Published in PC Hardware

MINIX NGC-1 passive Braswell is out

by on05 February 2016

Super sexy aluminium case, 4GB and 128 GB M2 SSD

Minix has been releasing some attractive mini PCs over the last few years and they have come up with a great passively cooled Braswell PC. 

MINIX NGC-1 has an Apple-like aluminium metallic housing, passively cooled Celeron N3150, 4GB RAM, 128GB Toshiba M2 SSD and Windows 10.

NGC-1 stands for Next Generation of Computing which has has been inspired by Intel's NUC (Next Unit of Computing). Minix managed to squeeze quite a bit of power into rather a small space, and keep it passively cooled.

The CPU is based on 14nm Braswell Architecture and has four cores and four thread support. The Intel Celeron N3150 works at a 1.6GHz based frequency and it can be boosted to 2.08GHz. it has a TDP of 6W, an SDP of 4W and Intel HD graphics with a base frequency of 320 MHz. It has a boost of 640MHz.

The machine comes with 4GB Samsung DDR3L and a 128GB Toshiba MLC M2 SSD. What makes the machine stands out is that MINIX managed to put an Intel AC3165 802.11ac dual channel WiFi under the bonnet that supports the Bluetooth 4.2.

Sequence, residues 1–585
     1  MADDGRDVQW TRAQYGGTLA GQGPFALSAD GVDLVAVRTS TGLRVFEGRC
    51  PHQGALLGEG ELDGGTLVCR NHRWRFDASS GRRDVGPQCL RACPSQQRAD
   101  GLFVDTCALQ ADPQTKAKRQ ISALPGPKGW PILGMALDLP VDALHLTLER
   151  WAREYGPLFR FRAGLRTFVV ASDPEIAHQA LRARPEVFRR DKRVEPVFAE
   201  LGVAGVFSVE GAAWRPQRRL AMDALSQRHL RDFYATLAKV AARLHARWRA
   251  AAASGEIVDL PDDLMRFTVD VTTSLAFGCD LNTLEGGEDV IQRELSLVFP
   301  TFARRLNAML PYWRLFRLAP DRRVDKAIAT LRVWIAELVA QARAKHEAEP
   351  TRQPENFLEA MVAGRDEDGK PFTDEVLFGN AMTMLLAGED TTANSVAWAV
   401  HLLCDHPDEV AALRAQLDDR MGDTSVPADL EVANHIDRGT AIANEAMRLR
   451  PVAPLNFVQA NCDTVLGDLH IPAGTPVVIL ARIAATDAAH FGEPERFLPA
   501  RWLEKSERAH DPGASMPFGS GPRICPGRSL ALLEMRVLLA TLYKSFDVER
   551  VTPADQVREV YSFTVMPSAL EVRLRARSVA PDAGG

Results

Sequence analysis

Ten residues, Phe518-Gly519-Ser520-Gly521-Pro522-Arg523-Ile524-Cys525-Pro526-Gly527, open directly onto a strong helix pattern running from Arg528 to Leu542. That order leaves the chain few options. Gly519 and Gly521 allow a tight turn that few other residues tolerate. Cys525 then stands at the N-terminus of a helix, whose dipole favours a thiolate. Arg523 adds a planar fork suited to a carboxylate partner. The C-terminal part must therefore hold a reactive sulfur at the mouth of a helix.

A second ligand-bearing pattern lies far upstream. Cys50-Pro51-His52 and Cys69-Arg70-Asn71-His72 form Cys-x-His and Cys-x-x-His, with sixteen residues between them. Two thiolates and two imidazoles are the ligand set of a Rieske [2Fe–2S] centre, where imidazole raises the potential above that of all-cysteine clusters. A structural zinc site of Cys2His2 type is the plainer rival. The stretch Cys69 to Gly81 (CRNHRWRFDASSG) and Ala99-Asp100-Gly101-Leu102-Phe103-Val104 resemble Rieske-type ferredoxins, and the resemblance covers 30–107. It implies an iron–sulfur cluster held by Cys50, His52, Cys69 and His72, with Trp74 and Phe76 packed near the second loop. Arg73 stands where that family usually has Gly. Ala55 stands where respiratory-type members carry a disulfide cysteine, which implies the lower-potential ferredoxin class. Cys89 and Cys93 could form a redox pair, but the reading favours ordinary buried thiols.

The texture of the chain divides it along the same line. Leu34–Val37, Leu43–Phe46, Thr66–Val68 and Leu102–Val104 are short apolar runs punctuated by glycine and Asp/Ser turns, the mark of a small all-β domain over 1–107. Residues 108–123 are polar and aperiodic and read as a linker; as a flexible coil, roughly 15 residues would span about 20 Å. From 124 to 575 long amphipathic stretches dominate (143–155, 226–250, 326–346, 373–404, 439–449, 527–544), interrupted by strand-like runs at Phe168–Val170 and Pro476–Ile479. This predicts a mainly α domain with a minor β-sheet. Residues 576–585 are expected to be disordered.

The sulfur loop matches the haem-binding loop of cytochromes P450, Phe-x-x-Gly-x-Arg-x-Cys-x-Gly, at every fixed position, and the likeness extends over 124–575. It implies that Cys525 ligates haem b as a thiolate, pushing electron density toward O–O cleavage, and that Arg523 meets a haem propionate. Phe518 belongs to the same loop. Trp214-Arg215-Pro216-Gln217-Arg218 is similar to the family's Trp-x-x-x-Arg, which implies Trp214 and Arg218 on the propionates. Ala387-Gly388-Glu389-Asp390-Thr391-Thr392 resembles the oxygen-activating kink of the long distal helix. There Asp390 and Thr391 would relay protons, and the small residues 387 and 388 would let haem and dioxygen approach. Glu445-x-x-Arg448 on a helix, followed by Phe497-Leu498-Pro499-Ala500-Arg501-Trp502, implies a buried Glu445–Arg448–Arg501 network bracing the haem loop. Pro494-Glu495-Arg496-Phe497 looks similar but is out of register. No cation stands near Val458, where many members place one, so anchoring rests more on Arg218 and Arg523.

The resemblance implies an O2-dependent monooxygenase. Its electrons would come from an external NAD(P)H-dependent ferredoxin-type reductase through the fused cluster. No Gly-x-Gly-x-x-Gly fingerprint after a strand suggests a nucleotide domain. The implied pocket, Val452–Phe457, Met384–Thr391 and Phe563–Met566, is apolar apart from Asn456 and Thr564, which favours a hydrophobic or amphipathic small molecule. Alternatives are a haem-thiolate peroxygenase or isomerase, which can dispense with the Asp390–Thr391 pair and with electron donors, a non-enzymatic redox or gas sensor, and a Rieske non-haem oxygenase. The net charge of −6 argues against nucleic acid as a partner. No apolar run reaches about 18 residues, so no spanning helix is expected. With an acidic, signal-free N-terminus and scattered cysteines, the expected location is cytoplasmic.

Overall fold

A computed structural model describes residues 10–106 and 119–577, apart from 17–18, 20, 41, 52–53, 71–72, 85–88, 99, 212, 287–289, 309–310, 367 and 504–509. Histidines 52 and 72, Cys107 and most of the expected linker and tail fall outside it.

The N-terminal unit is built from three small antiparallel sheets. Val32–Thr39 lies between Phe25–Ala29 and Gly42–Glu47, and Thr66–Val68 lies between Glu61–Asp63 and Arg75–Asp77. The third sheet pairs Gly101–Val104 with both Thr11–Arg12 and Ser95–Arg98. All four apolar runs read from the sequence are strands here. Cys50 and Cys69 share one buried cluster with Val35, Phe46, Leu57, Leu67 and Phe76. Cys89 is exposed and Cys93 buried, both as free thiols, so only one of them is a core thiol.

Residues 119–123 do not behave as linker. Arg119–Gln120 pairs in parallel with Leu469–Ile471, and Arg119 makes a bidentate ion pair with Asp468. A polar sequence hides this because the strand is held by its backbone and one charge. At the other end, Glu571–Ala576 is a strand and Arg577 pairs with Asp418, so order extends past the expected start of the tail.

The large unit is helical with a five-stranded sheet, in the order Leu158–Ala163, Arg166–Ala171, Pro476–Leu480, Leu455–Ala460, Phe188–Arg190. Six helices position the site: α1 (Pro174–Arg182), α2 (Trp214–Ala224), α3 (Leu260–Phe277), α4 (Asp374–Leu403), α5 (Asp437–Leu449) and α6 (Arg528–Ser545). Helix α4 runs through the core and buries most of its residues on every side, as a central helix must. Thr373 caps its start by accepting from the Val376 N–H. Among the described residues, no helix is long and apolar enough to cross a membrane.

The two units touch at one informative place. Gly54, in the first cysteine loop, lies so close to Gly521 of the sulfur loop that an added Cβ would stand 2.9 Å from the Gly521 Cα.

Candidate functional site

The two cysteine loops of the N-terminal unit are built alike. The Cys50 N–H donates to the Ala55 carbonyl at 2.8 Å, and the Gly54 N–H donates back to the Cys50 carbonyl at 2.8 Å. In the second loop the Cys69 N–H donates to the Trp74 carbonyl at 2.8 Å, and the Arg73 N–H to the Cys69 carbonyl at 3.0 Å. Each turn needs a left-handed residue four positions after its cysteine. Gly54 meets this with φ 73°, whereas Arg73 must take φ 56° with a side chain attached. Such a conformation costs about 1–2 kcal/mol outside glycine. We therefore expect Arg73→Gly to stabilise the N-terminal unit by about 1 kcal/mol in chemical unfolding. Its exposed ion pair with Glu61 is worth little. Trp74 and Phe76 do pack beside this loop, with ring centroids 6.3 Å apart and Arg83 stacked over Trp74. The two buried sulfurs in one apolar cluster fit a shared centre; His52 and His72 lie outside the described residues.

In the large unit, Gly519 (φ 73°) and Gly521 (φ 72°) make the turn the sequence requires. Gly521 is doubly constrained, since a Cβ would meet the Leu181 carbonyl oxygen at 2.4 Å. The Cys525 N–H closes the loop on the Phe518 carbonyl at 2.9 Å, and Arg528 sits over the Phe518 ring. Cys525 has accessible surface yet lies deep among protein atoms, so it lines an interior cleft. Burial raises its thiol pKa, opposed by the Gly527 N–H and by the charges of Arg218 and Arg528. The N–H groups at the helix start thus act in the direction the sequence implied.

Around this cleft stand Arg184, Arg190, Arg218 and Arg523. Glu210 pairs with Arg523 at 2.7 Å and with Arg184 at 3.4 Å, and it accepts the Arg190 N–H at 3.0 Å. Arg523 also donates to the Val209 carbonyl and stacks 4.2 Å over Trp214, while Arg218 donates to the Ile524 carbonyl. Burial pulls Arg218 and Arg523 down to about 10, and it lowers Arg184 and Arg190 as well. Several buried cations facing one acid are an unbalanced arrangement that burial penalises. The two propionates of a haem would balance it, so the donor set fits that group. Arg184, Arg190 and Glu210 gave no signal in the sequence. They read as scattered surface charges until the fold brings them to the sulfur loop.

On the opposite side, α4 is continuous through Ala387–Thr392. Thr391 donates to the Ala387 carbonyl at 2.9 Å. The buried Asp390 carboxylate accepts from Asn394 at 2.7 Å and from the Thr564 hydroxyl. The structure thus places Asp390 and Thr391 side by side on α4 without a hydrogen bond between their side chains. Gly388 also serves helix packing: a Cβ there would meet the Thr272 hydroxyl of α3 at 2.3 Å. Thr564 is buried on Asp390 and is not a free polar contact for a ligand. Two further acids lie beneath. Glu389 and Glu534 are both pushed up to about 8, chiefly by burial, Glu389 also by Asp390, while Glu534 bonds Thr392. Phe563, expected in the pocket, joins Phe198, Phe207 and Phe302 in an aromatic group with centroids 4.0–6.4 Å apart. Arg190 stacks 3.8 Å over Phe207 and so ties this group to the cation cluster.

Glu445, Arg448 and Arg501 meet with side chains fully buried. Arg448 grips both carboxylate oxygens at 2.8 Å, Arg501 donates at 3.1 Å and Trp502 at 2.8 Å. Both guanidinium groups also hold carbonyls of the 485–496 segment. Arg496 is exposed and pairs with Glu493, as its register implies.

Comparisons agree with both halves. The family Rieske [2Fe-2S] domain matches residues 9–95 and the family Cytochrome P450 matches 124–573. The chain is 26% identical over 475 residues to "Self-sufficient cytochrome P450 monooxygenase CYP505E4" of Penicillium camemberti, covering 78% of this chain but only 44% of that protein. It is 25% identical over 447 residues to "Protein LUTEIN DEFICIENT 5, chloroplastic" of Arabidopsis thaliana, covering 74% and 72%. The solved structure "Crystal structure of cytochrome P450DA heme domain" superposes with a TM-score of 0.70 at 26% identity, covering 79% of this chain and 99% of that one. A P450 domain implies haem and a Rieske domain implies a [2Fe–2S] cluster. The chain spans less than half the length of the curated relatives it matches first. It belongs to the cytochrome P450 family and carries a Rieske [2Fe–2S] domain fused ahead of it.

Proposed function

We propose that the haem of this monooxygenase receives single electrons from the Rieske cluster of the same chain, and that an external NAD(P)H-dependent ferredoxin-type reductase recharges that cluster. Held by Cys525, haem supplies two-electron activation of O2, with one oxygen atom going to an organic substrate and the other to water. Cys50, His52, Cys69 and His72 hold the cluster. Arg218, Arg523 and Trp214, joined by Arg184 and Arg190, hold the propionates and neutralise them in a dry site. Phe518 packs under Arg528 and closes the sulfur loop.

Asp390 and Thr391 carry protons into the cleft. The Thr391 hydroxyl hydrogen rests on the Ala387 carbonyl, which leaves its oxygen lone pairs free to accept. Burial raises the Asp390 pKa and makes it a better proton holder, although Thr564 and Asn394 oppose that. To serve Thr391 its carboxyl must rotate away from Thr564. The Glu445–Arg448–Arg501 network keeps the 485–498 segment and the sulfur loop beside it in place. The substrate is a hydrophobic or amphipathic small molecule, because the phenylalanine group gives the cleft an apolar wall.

The machine ships with Windows 10 or Ubuntu OS and has mini DP, HDMI 1.4 up to 4K at 30 FPS and a 3.5mm stereo jack, optical SPDIF and three USB 3.0 ports. There is RJ 45 Gigabit LAN support, Kensington lock and two external antenna ports. A 3A DC12 volt adapter is included in the package.

The MSRP is US$399.90/399.90EURO/299.90GBP which is not that cheap but MINIX says the premium components, Windows 10 licence and apple aluminium like metal finish are value for money. We have to admit that it looks better than any mini PC we ever seen, due to its super high quality aluminium finish.


You get a high quality machine with a great component and pre-installed Windows 10, which you can just turn you on and you are good to go. Customers buying a NUC and separately buying memory, SSD and an operating system might end up with a similar cost. MINIX gives you a factory cost, preassembles everything and uses the components that are tested to work with each other. That has to worth something but those who are purely do it yourself might want to look the other way.

Last modified on 05 February 2016
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